Please enlighten us.

      Delete
  22. I don't know how I'm supposed to say that because I think I was pretty clear... Onion test is irrelevant.

    The Onion test is so bad that I don't know where to start but in two points :

    1. Onion doesn't NEED five time more DNA... Onion have five time more DNA.

    2. More is not necessarily better... It's not because you have more "junk" that it's better. So the WHY question is kind of useless... In a sense of even if you have a reason that doesn't mean that you can't do without.

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    1. Sorry, but I am completely failing to understand your point. First you start by saying "... I think that majority of "junk DNA" is functional (coding, non-coding, open, structure, close-structure, kinetic relevant, etc...).

      Then above, you agree with my point by saying "Onion doesn't NEED five time more DNA... Onion have five time more DNA."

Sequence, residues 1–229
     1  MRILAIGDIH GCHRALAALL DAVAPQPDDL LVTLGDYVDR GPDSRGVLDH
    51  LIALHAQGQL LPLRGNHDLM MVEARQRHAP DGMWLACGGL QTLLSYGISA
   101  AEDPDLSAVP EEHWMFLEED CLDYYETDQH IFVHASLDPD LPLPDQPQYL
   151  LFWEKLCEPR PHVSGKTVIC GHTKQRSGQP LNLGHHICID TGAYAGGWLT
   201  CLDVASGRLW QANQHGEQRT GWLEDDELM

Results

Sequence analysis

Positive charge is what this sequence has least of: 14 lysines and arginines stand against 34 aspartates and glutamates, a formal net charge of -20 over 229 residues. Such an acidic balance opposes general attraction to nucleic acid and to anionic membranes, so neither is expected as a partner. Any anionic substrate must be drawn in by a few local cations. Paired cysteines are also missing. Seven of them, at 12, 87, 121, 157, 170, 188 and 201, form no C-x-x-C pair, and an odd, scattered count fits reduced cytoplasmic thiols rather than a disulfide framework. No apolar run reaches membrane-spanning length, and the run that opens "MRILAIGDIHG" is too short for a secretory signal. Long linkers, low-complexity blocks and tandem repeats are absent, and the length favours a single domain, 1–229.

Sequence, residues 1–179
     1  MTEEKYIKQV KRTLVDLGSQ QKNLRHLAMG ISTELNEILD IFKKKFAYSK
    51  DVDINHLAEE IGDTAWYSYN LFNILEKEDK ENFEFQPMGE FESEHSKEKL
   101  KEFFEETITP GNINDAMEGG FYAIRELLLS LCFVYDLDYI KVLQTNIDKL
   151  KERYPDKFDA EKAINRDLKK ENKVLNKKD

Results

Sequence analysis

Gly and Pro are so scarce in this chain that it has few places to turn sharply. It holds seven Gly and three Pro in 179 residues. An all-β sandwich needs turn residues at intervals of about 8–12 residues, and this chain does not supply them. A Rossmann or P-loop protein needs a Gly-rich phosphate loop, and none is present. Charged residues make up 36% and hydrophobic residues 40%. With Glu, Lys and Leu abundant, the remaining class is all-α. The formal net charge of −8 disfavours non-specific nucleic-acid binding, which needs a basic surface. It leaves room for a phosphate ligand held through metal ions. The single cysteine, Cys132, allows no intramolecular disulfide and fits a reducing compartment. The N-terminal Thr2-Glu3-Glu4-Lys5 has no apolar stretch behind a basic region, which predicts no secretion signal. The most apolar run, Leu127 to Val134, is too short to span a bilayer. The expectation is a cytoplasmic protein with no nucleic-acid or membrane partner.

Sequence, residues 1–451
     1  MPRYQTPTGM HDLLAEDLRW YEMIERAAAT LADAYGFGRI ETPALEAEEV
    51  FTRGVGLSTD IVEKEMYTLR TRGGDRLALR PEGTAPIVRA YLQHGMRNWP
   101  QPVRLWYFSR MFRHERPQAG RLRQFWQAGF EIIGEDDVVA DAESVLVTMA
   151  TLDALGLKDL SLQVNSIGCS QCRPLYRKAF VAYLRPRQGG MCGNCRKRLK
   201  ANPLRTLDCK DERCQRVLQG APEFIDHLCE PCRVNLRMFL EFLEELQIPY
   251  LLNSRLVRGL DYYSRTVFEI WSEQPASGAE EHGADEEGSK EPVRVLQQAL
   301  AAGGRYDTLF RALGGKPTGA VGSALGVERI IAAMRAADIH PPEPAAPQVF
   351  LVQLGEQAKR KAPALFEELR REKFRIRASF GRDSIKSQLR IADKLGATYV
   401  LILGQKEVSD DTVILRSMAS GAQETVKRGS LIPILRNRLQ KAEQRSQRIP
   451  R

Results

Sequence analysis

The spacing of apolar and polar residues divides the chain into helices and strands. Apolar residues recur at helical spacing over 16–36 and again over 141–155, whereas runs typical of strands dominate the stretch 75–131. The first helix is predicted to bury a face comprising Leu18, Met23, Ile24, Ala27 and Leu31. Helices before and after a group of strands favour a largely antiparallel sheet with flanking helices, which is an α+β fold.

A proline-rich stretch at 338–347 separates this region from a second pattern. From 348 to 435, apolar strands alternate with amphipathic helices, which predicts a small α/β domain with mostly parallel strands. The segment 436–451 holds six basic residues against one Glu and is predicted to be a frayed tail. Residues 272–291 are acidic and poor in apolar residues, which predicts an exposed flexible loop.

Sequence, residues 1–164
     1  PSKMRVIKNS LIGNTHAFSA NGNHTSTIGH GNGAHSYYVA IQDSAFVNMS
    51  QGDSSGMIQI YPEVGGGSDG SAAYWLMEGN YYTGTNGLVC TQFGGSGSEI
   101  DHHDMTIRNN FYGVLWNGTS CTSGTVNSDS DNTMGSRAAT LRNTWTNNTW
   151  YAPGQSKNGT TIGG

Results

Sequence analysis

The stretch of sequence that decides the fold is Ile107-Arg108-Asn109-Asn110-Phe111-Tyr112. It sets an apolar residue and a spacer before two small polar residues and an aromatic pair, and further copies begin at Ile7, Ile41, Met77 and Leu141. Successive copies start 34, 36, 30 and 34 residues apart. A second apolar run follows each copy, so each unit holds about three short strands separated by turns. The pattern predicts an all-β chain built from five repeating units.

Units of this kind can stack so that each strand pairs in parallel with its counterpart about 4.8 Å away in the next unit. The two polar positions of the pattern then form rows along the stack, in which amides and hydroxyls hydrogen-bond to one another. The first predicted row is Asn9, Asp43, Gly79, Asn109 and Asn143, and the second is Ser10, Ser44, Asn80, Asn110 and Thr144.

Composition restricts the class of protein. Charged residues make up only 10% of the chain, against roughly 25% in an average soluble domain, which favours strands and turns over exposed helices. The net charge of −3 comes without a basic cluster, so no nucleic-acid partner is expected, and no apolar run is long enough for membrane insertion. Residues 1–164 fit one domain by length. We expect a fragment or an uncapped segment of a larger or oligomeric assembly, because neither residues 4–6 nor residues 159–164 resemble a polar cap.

I am discussing why you think junk DNA has a function. The onion test, especially the onion versus onion part, is a great exercise, as it forces one to think of why in two closely related species, one has an extreme excess of DNA with no obvious physiological difference. My perspective is that since there is no observable function, and no reproductive advantage to (ie. no selection for or against) having less or more of the stuff, it in unnecessary. And since most of it is defective retro-transposons, psuedogenes, nucmts, repetitive elements, etc. a good hypothesis is that it is junk in a real sense - broken stuff that is just laying around.

      So please clarify your point.

      Delete
  23. I know it is confusing...

    It's the definition of NEED....

    Let give a example : James has a TV. He bought a new one and install the old one in is bedroom. So now he have 2 TVs. Someone can say he don't NEED 2 tv... he can move is TV from one room to the other one or he can watch tv from the livingroom only. So he don't NEED two tv but he has 2 TVs. So Onions don't NEED five times more, Onions have five times more...